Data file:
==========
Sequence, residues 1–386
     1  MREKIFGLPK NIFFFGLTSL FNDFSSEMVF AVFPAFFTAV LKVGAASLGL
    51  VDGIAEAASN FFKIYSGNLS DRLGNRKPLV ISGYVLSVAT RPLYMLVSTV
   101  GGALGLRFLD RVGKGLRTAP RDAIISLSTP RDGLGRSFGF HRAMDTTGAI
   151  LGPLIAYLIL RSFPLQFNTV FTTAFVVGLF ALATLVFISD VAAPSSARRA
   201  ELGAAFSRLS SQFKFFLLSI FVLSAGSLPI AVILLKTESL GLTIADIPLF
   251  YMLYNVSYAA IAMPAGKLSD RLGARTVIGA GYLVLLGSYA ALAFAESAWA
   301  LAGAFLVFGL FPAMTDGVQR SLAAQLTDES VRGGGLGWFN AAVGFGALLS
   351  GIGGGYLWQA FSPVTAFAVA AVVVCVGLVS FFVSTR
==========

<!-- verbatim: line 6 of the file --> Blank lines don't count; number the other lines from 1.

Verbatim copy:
   201  ELGAAFSRLS SQFKFFLLSI FVLSAGSLPI AVILLKTESL GLTIADIPLF